The south west monsoon rains, crucial for the agriculture sector and for rural consumption, could play spoilsport in the revival of the economic growth with India Meteorological Department (IMD) forecasting 56 per cent probability that it would be below average including 23 per cent probability that it would actually be deficient.
Predictions of the weather department show that there is 35 per cent chance that the monsoon will be normal this year, 8 per cent chance that it would be above normal and 1 per cent chance of excess rainfall.
At the same time, it said there is 33 per cent chance of it being below normal and a 23 per cent chance of drought this year.
Below-average monsoon is not a good sign for the agriculture sector in India with most Indians living in rural areas and heavily dependent on monsoon to water their crops.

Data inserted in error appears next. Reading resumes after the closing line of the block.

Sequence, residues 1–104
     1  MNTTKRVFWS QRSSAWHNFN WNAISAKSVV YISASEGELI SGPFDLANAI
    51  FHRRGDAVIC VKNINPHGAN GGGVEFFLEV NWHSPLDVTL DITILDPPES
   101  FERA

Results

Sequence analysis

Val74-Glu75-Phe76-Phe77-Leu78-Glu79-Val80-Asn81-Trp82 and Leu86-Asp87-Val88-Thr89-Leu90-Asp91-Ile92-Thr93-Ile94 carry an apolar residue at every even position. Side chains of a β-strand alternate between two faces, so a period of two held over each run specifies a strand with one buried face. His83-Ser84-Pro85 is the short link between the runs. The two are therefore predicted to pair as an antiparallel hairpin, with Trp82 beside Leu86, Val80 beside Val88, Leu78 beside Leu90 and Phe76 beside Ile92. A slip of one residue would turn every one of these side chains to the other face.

Moreover, rural consumption which is critical for both consumer durables as well as FMCG companies could be affected as can be sales of two-wheelers.
India is expected to experience below-normal monsoon rainfall at 95 per cent of Long Period Average (LPA) in 2014, with a margin for error of plus or minus 5 per cent, according to the first official forecast by IMD.
In 2013, India witnessed 106 per cent rainfall, which was above average and resulted in record grains production at 262 million tonnes for the 2013-14 agri season starting July.
The last time when India faced drought with rainfall below the normal range was in 2009 and prior to that, in 2004 and 2002.
IMD releases its predictions on monsoon twice a year–April and June. The first official forecast is more or less in line with the Geneva-based World Meteorological Organisation’s (WMO) latest outlook, which said that most part of South Asia region, including India, will see below-average rainfall.
IMD defines average, or normal, rainfall as between 96 per cent and 104 per cent of a 50-year average of 89 cm for the entire season.
(Edited by Joby Puthuparampil Johnson)